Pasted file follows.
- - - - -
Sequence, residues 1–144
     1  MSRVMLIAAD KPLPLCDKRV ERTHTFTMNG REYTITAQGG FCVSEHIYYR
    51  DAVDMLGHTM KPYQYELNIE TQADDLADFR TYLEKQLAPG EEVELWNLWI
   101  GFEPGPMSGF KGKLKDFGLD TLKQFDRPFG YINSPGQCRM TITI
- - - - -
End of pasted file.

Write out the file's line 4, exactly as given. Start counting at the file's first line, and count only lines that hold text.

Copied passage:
   101  GFEPGPMSGF KGKLKDFGLD TLKQFDRPFG YINSPGQCRM TITI